or where they’re the next entrepreneurs, building companies that can solve
global health challenges.
TSL: What advice do you have for future female leaders interested
in social justice?
BB: I think it’s really important to figure out what
you are excited about and what you want to work on every single day. The thing
that’s great about working on social justice is that you serve
other people. Your goal is to work with other people and solve problems, and
that’s extremely exciting and challenging. And I think one thing
to always remember is that you don’t have to do this work alone. People
are always willing to help you, but usually we’re too shy to ask
them for help. It’s important to remember that you can
reach out and ask people—if you are working on issues that are
important to the world, people are excited to help you. You just have to have the
courage to actually ask them to help you.
alluded to the idea that health shouldn’t necessarily be a political issue. In
your field, how do you see the balance between politics and policy when you’re approaching health care?
BB: I think it’s important to remember that politics
is very different than policy. Policies are created to serve people. And policy
change can have a huge impact, affecting millions of people. And so, I’m
very interested in policy obviously because I think if we have smarter health
policies, then we can have a much healthier population in the United States or in
the other countries where we work. Health in the United States over the past
few years has been very polarizing, and yet, I think everyone—I hope, at least—would agree that everyone should have the opportunity to live a healthy and
dignified life. And if you’re not healthy, it’s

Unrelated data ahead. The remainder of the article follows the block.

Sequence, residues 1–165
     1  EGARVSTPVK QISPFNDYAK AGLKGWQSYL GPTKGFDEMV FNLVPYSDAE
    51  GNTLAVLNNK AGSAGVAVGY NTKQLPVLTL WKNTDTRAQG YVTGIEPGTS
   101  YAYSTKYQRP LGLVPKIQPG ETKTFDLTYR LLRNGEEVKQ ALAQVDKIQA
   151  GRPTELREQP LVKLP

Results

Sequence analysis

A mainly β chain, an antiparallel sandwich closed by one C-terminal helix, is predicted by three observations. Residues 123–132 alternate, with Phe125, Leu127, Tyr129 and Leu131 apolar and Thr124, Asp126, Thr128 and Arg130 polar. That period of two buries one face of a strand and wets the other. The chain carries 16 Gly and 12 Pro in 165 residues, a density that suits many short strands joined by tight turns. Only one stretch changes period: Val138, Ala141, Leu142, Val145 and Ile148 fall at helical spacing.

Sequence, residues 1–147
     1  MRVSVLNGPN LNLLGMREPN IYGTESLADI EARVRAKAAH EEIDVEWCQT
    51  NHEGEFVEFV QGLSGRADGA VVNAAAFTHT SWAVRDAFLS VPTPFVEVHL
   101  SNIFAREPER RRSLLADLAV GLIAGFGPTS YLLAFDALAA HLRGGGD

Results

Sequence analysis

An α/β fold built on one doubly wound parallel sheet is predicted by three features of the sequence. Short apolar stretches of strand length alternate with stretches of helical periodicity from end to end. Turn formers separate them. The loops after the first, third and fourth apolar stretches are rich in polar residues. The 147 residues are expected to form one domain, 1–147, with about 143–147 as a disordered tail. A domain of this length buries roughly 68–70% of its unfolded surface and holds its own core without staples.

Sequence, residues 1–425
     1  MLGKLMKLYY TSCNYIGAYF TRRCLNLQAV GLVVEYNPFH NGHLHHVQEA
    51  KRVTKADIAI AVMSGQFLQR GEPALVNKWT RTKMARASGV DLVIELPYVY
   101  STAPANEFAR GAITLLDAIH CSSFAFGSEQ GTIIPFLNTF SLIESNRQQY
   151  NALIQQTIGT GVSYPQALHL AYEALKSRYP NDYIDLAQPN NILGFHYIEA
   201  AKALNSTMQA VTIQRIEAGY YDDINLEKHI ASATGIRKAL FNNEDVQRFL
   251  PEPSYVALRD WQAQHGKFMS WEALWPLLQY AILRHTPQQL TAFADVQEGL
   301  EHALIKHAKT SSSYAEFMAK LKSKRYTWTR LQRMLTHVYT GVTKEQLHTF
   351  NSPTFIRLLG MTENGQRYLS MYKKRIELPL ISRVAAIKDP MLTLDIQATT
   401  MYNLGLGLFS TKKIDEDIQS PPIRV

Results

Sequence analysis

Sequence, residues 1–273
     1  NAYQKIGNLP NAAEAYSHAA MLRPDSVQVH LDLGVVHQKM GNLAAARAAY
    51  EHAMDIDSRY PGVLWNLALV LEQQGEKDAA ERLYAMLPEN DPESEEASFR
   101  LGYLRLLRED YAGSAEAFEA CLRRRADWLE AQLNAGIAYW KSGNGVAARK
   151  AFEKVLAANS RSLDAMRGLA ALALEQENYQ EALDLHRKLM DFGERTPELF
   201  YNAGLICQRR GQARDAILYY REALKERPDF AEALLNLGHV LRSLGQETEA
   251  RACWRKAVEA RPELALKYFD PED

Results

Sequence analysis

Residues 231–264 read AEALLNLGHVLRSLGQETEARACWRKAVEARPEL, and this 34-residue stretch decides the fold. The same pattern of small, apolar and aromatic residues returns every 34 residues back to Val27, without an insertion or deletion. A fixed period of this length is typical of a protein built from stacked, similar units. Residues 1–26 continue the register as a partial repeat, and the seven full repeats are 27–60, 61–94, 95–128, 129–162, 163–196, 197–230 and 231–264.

really hard to get educated. Health is the backbone to all of the other
opportunities that we’re given, and I don’t
think that’s political at all.
TSL: How does GHC operate differently in the United States versus
abroad in less developed countries?
BB: I think the difference is that in other countries, our fellows
are doing a lot of building health systems, whereas in the United States they’re
working with an existing health system that needs to shift, and those are two
very different skill sets. So one is more entrepreneurial, building a health
system, and the other is intrapreneurial, how do you, inside, try to move a
system to serve more people.
TSL: How did growing up in a very political family, with a long
history of involvement in government, influence and inspire your interest and
work and shape how you formulated your views on healthcare?
BB: My parents and my grandparents were serving their country via
politics. My sister ended up being a teacher, which is also service, but doing
it via education. In the same way, I think embarked on a path that involves
serving other people and problem solving, and I think that those can be the
same sort of values that can look different based on what position you’re
in. I think that’s what I learned most from my family,
the importance of serving other people and the importance of stepping up and
trying to solve problems rather than stepping back and not engaging.